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What happened to US markets in previous rate hikes?

In light of the US Federal Reserve’s recent guidance that a rate hike could be on the not-so-distant horizon, many investors are concerned about the potential impact on US markets. History reveals there is no hard-and-fast rule for how markets react to rate hikes. In prior instances, markets have responded in a number of different ways when the Fed has raised rates.

12-month change in FTSE USA Index between July 1999 (when tightening began) and July 2000: 3.86%                                                                                                                                                                                                                                                 


 Source: FTSE as of July 1, 2000. Past performance is no guarantee of future results.

At its June 30, 1999 meeting, the Fed raised the federal funds rate by a quarter percentage point, drawing little reaction from US markets. This was the beginning of a tightening aimed at curbing inflation. During this period, the Fed raised rates six times. At the end of 2000, markets rallied on favorable unemployment figures, and during the same year there was significant investment in technology and telecom.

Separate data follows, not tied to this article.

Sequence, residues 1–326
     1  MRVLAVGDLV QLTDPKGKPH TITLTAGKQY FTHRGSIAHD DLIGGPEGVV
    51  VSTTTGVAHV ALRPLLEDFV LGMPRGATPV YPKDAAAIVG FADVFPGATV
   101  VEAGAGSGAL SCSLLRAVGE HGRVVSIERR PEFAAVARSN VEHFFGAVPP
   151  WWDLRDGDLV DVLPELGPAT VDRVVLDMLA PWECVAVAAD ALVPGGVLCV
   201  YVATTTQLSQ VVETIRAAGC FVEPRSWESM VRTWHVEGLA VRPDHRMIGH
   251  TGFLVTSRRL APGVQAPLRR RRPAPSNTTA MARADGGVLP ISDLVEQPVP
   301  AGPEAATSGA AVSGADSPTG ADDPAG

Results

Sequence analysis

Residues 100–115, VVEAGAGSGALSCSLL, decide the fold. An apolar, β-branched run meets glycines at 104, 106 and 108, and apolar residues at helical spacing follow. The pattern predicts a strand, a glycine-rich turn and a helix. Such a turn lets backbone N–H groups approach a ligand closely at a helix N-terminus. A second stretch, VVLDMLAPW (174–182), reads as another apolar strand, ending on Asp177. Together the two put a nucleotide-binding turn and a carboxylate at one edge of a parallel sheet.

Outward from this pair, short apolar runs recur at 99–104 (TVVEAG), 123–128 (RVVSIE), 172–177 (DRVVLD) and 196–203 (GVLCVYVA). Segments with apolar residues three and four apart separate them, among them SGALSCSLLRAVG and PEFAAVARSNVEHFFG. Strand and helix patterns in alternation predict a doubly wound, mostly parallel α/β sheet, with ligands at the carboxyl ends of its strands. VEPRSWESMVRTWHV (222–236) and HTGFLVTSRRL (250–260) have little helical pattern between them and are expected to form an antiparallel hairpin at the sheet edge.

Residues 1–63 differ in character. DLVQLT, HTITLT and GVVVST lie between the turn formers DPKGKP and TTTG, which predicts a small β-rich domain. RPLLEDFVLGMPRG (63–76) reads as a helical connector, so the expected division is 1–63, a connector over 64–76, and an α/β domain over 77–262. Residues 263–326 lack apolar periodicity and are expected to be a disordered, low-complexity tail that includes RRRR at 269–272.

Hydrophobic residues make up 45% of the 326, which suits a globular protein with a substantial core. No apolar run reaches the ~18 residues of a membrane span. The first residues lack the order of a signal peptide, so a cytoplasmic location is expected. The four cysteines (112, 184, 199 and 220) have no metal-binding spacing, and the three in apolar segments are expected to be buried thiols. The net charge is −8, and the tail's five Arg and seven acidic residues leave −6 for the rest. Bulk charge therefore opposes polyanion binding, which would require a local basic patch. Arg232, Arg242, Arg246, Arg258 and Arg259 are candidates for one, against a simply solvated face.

12-month change in FTSE USA Index between June 2004 (when tightening began) and June 2005: 8.92%

Source: FTSE as of June 1, 2004. Past performance is no guarantee of future results.

Stocks were sold off immediately after the Fed announced on June 30, 2004 that it would raise the fed funds rate by a quarter percentage point to 1.25%. The decision was sparked by worries of a housing bubble but after only a few months of weakness stocks resumed their ascent. During the year, the Fed raised rates eight times, by a quarter of a percentage point each time. The Fed continued to raise rates all the way through the end of Fed Chairman Alan Greenspan’s term in July 2006.

These two snapshots illustrate that historically US markets haven’t reacted uniformly to rate hikes, as markets were influenced by other economic factors during these time periods. However, in both instances there was no evidence of a long-term decline, which could indicate that the Fed’s candor with investors – before and after the rate hikes – helped to manage expectations and restore confidence.

If the Fed announces a rate hike, a unique set of factors in today’s economic environment should influence the market’s reaction. The outcome for the market is also likely to be shaped by the extent to which the markets have already factored in the Fed’s guidance that rates will rise.



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